Paper Weight — Genre-defining Magazines 2000 to Now
July 7 – October 27, 2013
Haus Der Kunst, Munich
Bidoun is pleased to be part of the exhibition ‘Paper Weight — Genre-defining Magazines 2000 to Now’ at Haus Der Kunst, Munich. Curated by PIN-UP editor Felix Burrichter and designed by Athens-based artist and architect Andreas Angelidakis, the exhibition features BUTT, Candy, 032c, and Sang Bleu among other publications.
Labyrinth of Passion, Pedro Almódovar, 1982
Saturday July 27, 2013 at 2pm
El Charro Espanol
4 Charles Street, New York
Bidoun and Dirty Looks present an afternoon screening of Pedro Almodovar’s second feature film at the legendary Village restaurant El Charro Espanol. Labyrinth of Passion follows scantily disguised but heavily camped-up members of the Iranian royal family in their famous period of limbo following the revolution of 1979 as they are thrust into extravagant plot lines that weave hilariously between historical accuracy and ribald fantasy. “Toraya,” the disgruntled ex-empress is desperate to fertilize herself with royal seed via the young Crown Prince “Riza.” Riza, meanwhile, is busy attempting to cure himself of his homosexuality after falling in love with a nymphomaniac pop star named Sexilia, but his former lover Sadec (played by a young and nubile Antonio Banderas) is secretly a pro-Khomeini guerilla belonging to a group attempting to kidnap him. Plus: full body plastic surgery, doctors, laxatives, and other culturally appropriate themes.
The film’s elliptical Iranian historical connection has been tragically overlooked ― at worst misunderstood to be about a fictional Arab monarchy, and at best, mentioned in passing. Bidoun and Dirty Looks are pleased to host this absolutely essential revisiting of this deliciously queer retelling of an important moment in Iranian history.
We’ve added Yasmine El Rashidi’s heated conversation with Mona Eltahawy and Sukhdev Sandhu’s very English conversation with Jeremy Deller to the website!
May 1, 2013
NYUAD Downtown Campus, Abu Dhabi
Free and open to the public
Kenneth Goldsmith, founder of UbuWeb, and Bidoun’s Tiffany Malakooti will be presenting an evening of experimental work from the Bidoun-o-sphere, including a variety of historical and contemporary films, music, and radio plays.
Bidoun #28 INTERVIEWS features conversations among Giorgio Agamben, Sophia Al-Maria, Hossein Amanat, Negar Azimi, Omar Berrada, Leland de la Durantaye, Jeremy Deller, Mona Eltahawy, Lisa Farjam, Yasmine El Rashidi, Larry Gagosian, Conner Habib, Yasmine Hamdan, Zahi Hawass, Michelle Kuo, Ursula Lindsey, Navid Negahban, Sukhdev Sandhu, Anna Della Subin, Benjamin Tiven, Michael C. Vazquez and Marina Warner.
March 7 – 10, 2013
548 West 22nd Street, New York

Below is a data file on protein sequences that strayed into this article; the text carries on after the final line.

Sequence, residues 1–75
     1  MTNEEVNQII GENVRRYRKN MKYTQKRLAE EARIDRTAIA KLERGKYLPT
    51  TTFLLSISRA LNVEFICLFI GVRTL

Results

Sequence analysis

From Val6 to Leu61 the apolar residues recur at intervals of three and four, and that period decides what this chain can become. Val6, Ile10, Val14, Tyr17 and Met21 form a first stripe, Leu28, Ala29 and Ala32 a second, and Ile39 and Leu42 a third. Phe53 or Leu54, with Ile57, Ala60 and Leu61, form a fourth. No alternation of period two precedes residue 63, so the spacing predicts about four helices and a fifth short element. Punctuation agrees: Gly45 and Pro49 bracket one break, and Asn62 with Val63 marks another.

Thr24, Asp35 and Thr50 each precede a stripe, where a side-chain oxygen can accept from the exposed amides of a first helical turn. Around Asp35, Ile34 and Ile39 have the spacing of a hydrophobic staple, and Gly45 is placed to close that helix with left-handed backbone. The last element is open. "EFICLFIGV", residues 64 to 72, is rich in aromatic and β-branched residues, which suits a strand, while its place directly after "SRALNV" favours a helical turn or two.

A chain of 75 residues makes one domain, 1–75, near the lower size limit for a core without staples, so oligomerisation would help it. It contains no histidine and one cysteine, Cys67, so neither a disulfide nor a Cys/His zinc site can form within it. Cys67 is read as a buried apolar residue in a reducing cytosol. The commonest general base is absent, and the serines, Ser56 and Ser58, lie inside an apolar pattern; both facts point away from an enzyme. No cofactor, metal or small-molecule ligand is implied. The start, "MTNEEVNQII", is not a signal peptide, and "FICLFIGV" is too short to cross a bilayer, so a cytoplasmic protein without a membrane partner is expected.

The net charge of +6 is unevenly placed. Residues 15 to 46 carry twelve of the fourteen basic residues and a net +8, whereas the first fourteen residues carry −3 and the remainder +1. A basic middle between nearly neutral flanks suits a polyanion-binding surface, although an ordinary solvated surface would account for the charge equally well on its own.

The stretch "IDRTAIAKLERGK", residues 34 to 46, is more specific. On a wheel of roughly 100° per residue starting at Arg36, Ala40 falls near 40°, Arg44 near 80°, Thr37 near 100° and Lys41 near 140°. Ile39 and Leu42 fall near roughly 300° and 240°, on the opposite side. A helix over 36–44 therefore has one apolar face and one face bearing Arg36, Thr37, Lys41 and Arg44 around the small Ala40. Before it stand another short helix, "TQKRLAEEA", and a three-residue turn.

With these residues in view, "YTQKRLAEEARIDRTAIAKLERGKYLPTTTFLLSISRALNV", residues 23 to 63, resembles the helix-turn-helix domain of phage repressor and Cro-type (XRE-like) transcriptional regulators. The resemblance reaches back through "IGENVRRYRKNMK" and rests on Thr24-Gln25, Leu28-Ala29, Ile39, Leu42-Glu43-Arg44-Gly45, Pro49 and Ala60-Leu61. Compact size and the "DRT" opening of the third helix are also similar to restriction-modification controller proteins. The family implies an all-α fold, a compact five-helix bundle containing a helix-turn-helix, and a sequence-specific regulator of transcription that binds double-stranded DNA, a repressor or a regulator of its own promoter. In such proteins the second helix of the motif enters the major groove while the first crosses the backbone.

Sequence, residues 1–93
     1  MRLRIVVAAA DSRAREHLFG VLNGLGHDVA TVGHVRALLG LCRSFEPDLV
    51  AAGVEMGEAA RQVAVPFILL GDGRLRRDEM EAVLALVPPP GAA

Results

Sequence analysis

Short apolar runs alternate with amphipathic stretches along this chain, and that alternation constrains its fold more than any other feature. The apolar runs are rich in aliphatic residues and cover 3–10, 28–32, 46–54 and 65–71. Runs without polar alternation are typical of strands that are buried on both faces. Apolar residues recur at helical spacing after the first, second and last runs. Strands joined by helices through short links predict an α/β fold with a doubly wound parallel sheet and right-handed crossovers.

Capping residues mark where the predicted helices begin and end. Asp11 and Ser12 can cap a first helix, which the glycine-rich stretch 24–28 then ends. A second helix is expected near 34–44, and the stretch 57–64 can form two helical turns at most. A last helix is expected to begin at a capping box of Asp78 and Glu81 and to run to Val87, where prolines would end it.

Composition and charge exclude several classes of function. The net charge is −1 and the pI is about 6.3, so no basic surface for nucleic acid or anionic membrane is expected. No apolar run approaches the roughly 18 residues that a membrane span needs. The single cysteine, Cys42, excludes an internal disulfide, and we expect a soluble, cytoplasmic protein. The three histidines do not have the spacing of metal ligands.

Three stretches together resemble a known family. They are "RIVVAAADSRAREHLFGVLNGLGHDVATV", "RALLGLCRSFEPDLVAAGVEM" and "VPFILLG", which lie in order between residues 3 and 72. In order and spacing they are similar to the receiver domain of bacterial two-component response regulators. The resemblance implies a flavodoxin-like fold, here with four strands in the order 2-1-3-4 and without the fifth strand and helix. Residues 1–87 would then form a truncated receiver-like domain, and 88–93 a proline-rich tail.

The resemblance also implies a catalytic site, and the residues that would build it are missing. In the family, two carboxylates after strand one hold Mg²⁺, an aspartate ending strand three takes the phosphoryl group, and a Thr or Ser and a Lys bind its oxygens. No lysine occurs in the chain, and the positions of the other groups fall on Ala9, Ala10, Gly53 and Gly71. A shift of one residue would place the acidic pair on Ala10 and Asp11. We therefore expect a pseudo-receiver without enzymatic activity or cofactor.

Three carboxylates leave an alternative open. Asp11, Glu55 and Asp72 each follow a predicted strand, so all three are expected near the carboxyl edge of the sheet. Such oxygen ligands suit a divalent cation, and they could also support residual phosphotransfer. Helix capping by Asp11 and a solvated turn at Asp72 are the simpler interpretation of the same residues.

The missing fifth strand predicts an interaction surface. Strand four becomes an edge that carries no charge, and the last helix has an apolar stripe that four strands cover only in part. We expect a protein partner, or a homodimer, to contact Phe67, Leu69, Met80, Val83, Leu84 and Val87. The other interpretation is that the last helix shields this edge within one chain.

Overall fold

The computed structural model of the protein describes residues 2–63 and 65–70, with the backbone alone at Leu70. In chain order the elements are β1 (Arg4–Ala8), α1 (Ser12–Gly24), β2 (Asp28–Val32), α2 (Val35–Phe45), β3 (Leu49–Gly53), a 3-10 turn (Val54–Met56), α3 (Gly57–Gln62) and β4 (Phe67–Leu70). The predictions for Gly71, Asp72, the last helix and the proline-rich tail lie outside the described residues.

Bidoun is cleaning out overstock!
Visit us on the roof of the Independent and enjoy a free back issue!
Sunday, January 27 at 4pm
4601 21st Street, Long Island City, NY 11101
Free with museum admission
Join the Facebook event
A screening of Jack Kevorkian’s public access television program The Door (30 min); presented by Anna Della Subin
A screening of Shridhar Bapat’s video feedback fantasia Aleph Null (12 min, 1971); presented by Alexander Keefe
Sex talk and group consciousness exercises;presented by Conner Habib
Plus: Transcendental listening in the dome
Dr. Jack Kevorkian — also known as Dr. Death — was a pathologist, euthanasia activist, poet, composer and instrumentalist. In Bidoun #27 (Diaspora), Anna Della Subin told the profoundly strange story of this child of genocide survivors through his curiously compelling paintings. Here, Subin will introduce_ The Door_, a public access TV show on the nature of consciousness and some “very hazy realms of human existence,” which Kevorkian produced, wrote, and hosted in California in the early 1980s.
In the late 1960s Shridhar Bapat was a key figure in the emerging video scene. The first video curator at The Kitchen in its most freewheeling period and the “finest feedback camera turner in New York City,” Bapat worked on the New York Avant Garde Festivals, the first Women’s Video Festival, Shirley Clarke’s TeePee Video Space Troupe, and many of Nam June Paik’s major installations before falling out of the scene to live underground; he died, homeless, in 1990. Alexander Keefe reconstructed Bapat’s story in Bidoun #27 (Diaspora). Keefe will be presenting a rare screening of Aleph Null, one of Bapat’s original video compositions — “all these mandalas going all over the place,” in Bapat’s words — created with Charles Phillips in 1971. First shown at the Whitney Museum’s 1971 “Video Tape Special,” Aleph Null was last screened at the Mudd Club in 1981.
Conner Habib is a writer, philosopher, sex advice columnist, and gay porn star, based in San Francisco. An adherent of Rudolph Steiner’s Anthroposophy, Habib lectures on the Western esoteric tradition. He has been featured in such films as Man Up, Night Maneuvers, and Arabesque 2: From Tales of the Arabian Nights; his essay, “The Virtues of Being an Object,” appeared in Exploring the Edge Realms of Consciousness, edited by Daniel Pinchbeck & Ken Jordan. Anna Della Subin’s conversation with Habib is forthcoming in Bidoun #28 (Interviews).